Chil­dren’s cancer on trial

Mercury (Hobart) - - NEWSFRONT - LANAI SCARR

CANCER treat­ment for all suf­fer­ers, in­clud­ing chil­dren, could be rev­o­lu­tionised by a clin­i­cal trial for Aus­tralia’s sick­est kids start­ing today.

The Zero Child­hood Cancer ini­tia­tive will start a na­tional trial with 400 ter­mi­nally ill kids from today pro­vid­ing per­son­alised cancer treat­ment based on ge­netic screen­ing of in­di­vid­ual cancer cells and tu­mours.

Sci­en­tists from 13 lead­ing Aus­tralian and in­ter­na­tional re­search in­sti­tutes and doc­tors from all eight of Aus­tralia’s chil­dren’s cancer cen­tres will work to iden­tify and rec­om­mend treat­ment op­tions.

Chil­dren’s tu­mour sam­ples will have com­plex test­ing and anal­y­sis, and then be tested against hun­dreds of an­ti­cancer drugs to see which treat­ments will work best for each child’s cancer.

Chil­dren with the most ag­gres­sive can­cers with a less than 30 per cent sur­vival rate will be cho­sen to take part in the na­tional trial.

Re­searchers hope the $40 mil­lion ini­tia­tive will pave the way for fight­ing cancer for all suf­fer­ers.

Three chil­dren and ado­les­cents die every week in Aus­tralia from cancer, de­spite sur­vival rates over the past 60 years in­creas­ing dra­mat­i­cally.

Michelle Haber, ex­ec­u­tive di­rec­tor of the Chil­dren’s Can- cer In­sti­tute and re­search lead on the trial, said this was the “most ex­cit­ing cancer ini­tia­tive” she had known.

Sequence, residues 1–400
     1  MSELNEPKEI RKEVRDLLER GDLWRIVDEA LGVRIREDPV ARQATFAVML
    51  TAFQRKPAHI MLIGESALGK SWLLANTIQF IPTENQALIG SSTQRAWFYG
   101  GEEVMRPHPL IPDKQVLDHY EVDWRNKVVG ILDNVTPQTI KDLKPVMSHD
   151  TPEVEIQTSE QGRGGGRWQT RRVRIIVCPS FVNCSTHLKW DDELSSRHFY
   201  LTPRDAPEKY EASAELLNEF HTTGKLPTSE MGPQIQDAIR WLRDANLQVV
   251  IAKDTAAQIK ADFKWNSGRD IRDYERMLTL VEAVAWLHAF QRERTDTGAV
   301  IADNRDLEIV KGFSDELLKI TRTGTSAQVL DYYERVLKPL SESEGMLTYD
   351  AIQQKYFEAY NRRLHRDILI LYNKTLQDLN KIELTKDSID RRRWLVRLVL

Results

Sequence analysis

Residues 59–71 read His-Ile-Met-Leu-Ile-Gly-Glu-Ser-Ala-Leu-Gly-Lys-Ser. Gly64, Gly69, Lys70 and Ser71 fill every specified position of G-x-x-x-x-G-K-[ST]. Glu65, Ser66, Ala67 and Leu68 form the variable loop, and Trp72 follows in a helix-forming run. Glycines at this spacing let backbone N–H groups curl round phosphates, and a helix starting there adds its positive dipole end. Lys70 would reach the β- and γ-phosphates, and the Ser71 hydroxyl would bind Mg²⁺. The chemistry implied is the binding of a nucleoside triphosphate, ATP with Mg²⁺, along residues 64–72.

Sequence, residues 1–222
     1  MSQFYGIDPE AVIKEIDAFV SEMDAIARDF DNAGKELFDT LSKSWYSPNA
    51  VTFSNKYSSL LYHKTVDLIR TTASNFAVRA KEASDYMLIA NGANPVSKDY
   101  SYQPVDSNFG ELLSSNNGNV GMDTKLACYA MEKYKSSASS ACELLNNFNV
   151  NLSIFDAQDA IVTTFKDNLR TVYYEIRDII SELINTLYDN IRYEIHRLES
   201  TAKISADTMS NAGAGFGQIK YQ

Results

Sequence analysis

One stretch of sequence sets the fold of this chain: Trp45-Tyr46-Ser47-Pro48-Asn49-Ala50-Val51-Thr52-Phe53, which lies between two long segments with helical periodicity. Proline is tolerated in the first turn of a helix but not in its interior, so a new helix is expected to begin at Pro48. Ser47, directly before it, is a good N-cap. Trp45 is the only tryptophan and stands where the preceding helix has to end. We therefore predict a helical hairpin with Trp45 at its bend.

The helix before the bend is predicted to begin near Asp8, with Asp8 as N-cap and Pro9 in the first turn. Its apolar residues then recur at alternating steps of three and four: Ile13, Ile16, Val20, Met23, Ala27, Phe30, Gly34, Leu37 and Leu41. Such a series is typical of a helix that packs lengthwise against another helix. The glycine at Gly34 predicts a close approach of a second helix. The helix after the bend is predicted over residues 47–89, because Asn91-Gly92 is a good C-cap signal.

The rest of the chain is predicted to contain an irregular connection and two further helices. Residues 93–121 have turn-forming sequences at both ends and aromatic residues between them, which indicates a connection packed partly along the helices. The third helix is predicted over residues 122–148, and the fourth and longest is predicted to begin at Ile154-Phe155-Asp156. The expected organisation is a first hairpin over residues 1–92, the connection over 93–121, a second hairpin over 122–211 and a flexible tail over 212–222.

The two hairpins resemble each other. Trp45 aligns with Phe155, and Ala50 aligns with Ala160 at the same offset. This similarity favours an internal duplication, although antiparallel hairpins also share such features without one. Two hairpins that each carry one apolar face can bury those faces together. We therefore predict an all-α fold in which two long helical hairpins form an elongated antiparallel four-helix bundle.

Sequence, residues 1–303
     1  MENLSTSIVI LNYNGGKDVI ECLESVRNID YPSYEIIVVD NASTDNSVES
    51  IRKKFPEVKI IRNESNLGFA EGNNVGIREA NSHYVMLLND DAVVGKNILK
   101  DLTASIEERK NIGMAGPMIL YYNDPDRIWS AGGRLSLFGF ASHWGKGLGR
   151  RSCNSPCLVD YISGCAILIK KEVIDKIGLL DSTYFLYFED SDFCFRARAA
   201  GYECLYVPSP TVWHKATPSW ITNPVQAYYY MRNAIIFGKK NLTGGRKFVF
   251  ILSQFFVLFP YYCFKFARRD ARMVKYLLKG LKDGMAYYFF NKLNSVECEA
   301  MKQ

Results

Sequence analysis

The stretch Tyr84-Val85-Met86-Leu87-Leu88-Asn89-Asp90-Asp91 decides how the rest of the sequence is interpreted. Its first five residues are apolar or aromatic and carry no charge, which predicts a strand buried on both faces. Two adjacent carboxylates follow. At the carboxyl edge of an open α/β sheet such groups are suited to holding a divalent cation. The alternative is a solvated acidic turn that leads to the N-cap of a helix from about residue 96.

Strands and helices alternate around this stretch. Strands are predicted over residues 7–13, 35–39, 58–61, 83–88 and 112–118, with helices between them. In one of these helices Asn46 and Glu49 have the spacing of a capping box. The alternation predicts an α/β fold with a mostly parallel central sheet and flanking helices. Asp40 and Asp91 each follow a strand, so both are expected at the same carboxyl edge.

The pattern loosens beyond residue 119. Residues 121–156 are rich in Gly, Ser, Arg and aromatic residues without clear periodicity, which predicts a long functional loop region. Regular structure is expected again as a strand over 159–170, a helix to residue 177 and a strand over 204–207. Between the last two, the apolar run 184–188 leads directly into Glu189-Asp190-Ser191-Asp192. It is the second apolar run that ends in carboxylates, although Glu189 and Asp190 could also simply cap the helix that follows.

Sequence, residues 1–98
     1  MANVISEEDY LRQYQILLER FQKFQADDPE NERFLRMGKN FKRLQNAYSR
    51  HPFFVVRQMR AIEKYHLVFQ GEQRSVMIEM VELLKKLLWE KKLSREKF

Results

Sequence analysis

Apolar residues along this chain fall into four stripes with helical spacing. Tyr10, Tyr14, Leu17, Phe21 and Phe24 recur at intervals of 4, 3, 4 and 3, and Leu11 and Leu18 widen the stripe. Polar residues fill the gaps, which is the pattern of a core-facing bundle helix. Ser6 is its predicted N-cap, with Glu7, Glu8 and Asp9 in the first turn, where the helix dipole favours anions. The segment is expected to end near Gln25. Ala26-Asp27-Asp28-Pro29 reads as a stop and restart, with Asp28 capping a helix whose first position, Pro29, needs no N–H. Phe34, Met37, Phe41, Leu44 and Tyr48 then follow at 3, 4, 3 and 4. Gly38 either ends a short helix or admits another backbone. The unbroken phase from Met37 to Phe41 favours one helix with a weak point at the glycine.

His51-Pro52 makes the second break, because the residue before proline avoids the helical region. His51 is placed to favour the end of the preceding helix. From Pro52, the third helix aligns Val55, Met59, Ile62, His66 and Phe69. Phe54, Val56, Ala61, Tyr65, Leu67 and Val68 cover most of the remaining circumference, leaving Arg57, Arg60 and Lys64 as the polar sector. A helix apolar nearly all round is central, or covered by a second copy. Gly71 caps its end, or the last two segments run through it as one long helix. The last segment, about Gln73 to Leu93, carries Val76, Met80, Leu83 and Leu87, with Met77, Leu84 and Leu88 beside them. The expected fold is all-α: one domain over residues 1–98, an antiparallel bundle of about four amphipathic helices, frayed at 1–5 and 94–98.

“There has never been any­thing on this scale in terms of col­lab­o­ra­tion and com­plex­ity and some­thing that will gen­uinely change the model of care for those at most se­ri­ous risk,” Pro­fes­sor Haber said.

She said this had the po­ten­tial to not only find more ef­fec­tive treat­ments but also to pre­vent cancer.

“We see this study as hav­ing ex­tra­or­di­nary po­ten­tial not only in re­spect to the out­come for the 400 chil­dren on this trial but ul­ti­mately this will have a role in pre­ven­tion and treat­ment of cancer for adults and chil­dren,” Prof Haber said.

“If we are map­ping the ge­netic se­quences of these can­cers and the pa­tients, we can see what ge­netic mark­ers may have led to that per­son de­vel­op­ing the cancer.”

Health Min­is­ter Greg Hunt said the Gov­ern­ment was pro­vid­ing $20 mil­lion to sup­port the Zero Cancer Ini­tia­tive.

“[This] pro­gram brings to­gether the bright­est minds from re­search and puts Aus­tralia at the fore­front of in­no­va­tion in health care glob­ally,” Mr Hunt said.

“It’s an ex­cit­ing time for med­i­cal re­search in Aus­tralia and some of the bright­est minds in the world are work­ing right here in Aus­tralia to find a cure for cancer.”

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